HC Deb 19 December 1945 vol 417 cc1495-6W
Mr. Bossom

asked the Under-Secretary of State for India whether he will make a statement in regard to the food situation in India, with special reference to Bengal.

Mr. A. Henderson

I circulated to the House on 15th October a statement dealing with the food situation in Bengal. Since then the prospects of the main winter rice crop in Bengal have improved considerably, the earlier drought having to a large extent been offset by late and abnormal rains in October. Damage by flood in certain areas has been balanced by a better yield elsewhere. The crop has still to be harvested and accurate estimates are not yet possible, but the Government of India and the Government of Bengal now have reason to hope that the outturn this year will not be much less than 95 per cent, of last year's crop, which was regarded as average. The price of rice has continued to fall slowly but steadily. There will still be a deficit to be met and it must be borne in mind that even an average crop in Bengal is insufficient to feed her population of 65 million on a reasonable standard. But the authorities are now in a much better position to deal with the situation than before. The Bengal Government now hold considerable working stocks of rice and they have at their disposal the necessary transport and storage facilities to enable them to distribute these stocks to any area where a threat of shortage may arise. Stocks of rice amounted at the end of October to about 350,000 tons. Rationing of the population of over 4 million in greater Calcutta has been functioning smoothly for some time past and, as elsewhere in India, it is being gradually extended to other urban areas. Preparations have also been made to introduce controlled distribution in rural areas in case of emergency.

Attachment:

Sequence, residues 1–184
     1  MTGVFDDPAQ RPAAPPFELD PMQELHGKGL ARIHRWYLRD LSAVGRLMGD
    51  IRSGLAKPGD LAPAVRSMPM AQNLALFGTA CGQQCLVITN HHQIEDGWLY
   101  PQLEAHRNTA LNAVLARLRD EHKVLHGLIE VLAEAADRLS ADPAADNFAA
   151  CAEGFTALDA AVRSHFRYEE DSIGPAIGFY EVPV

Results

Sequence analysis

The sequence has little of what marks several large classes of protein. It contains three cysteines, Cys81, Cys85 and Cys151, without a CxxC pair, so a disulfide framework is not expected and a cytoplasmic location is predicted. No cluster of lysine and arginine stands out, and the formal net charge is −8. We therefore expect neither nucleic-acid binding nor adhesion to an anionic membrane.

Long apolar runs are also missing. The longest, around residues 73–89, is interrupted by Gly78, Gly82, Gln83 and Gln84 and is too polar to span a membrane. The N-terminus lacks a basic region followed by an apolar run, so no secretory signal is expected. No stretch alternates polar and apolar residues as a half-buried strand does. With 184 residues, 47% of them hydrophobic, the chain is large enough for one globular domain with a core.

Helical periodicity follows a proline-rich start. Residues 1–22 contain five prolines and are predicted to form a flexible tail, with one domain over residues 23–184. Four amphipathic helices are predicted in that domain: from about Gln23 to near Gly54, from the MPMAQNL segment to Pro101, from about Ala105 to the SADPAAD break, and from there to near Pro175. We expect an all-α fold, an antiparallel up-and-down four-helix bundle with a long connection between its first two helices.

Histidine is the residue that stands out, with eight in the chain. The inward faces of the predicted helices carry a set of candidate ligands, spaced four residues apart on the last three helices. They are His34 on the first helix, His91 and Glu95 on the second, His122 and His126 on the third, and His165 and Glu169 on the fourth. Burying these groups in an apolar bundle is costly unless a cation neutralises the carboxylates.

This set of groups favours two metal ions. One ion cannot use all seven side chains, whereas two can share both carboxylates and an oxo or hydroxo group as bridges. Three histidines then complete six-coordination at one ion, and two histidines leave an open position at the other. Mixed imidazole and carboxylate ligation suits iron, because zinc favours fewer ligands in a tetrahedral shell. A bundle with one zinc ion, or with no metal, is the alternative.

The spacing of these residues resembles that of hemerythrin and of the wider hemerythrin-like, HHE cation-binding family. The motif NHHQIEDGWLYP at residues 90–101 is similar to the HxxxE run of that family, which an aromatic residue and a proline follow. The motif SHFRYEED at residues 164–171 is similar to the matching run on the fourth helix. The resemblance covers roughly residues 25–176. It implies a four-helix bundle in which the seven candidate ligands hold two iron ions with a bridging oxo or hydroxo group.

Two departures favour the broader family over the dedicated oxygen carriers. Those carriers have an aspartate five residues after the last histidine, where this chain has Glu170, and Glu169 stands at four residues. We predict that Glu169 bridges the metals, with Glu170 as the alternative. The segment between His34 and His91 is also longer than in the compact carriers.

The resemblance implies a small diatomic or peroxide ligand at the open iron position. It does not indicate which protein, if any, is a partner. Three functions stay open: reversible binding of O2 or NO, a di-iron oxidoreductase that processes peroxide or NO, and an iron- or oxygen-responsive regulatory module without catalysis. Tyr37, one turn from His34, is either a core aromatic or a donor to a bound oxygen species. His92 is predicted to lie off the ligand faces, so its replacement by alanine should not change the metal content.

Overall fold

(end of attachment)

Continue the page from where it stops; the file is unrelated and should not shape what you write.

Unfortunately two serious calamities have recently occurred in other Provinces. The tidal wave, which accompanied the cyclone in the Bay of Bengal a month ago, destroyed stocks and standing crops of rice in some East Coast districts of Madras, and losses there are estimated at about 400,000 tons of rice. Damage to the extent of; about a further 500,000 tons to crops of millets wheat and rice is reported from Bombay and Mysore as a result of the failure of the October rains in those areas. But the Central Government now have an efficient system of planned movement of cereals from surplus to deficit provinces which has been in operation for the past 2½ years and has enabled the Government of India, with the assistance of imports from abroad, to give effective help to any Province which may find itself in difficulties through failure of the crops or other causes.

The food situation in India gives no grounds for complacency and substantial assistance in the form of cereal imports from abroad is still necessary. With this assistance, however, the administrative measures which have been taken in India should prevent the recurrence of famine in Bengal or elsewhere in India.

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